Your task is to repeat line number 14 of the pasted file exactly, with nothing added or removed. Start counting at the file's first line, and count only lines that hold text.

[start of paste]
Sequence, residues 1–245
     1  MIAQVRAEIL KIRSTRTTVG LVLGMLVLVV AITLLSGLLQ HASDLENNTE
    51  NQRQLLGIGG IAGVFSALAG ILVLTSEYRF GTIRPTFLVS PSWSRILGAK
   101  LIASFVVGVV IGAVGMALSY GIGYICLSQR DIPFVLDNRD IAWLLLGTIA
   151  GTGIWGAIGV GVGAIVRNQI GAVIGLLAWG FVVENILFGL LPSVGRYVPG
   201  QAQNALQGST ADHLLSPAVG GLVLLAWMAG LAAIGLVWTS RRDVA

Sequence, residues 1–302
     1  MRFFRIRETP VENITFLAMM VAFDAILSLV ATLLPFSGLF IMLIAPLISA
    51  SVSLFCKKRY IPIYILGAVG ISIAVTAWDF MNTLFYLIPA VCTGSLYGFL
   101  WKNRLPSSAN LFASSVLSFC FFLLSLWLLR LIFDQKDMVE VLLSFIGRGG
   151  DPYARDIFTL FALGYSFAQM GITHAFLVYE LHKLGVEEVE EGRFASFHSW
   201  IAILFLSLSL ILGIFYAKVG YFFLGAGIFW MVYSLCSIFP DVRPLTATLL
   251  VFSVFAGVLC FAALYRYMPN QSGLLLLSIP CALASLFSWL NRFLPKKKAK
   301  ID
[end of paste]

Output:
   301  ID